Iraqi society is known for its tribal and conservative nature, and religious control seems to have taken firmer hold in the past decade. It is odd that such merchandise is so openly sold, especially in a huge public market like Shorja, where products such as foodstuffs, clothes and cosmetics are the most common wares and where the open sale of sex toys appeared only relatively recently. Nevertheless, one such vendor said he believes his merchandise is as “normal as any other.”
The authorities have not turned a blind eye to this phenomenon. In 2012, Baghdad’s city council, annoyed with the spread of sexual products, called for legal measures against the networks involved in their trade. But the authorities were not powerful enough to control or limit this trade, and the merchandise has only become easier to find.
There are no specific laws against the trade of sex products, although selling them is widely considered indecent and immoral.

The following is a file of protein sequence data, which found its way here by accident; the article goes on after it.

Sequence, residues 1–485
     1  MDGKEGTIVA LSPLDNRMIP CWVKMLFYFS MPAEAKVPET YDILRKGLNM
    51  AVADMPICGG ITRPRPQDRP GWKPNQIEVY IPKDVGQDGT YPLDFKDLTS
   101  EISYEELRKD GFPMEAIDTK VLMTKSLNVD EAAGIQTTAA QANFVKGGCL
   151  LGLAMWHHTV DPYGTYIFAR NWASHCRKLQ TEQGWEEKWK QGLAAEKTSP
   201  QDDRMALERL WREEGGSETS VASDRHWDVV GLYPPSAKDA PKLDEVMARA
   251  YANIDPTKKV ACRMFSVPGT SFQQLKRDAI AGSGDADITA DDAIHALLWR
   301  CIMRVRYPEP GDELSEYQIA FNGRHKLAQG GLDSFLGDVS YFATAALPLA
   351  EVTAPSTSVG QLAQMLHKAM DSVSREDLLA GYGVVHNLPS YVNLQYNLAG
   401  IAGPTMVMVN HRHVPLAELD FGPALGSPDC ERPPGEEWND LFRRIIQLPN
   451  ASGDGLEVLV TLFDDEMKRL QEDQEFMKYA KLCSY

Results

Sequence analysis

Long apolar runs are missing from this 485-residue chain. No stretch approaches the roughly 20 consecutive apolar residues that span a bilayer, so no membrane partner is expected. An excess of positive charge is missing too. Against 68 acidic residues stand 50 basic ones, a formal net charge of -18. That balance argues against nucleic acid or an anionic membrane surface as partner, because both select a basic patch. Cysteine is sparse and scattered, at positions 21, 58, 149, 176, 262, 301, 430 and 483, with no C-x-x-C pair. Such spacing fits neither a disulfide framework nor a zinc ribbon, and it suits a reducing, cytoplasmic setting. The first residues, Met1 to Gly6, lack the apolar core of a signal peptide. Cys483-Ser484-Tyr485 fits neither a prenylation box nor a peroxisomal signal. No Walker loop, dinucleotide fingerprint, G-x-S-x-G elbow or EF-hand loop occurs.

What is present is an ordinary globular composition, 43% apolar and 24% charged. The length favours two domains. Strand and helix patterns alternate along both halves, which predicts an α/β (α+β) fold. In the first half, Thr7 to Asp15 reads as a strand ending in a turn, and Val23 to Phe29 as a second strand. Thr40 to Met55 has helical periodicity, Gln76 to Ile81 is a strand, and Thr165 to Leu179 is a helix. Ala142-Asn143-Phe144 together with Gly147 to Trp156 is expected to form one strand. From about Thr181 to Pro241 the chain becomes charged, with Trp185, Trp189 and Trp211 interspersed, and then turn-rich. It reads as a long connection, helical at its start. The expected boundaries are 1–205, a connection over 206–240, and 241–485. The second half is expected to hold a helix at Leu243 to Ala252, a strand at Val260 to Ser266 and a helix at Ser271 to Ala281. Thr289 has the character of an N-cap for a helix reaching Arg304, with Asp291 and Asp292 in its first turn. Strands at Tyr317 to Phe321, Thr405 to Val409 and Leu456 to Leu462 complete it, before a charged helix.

A vendor who wished not to be named told Al-Monitor, “This merchandise has been available in the market since 2004. We would sell it secretly to women’s beauty salons and to some women called 'dalalas,' who were known for selling the merchandise in popular neighborhoods. However, they have been sold on sidewalks in some popular markets for a long time.”
The vendor added while fixing his stand that he mostly “sells these dildos to men for fun and pranks.” But he asserted that some men “really need them, although they pretend to joke about the issue.”
According to the vendor, “Most women do not buy dildos from the stand. Usually, they order them on the phone” from stalls in the market.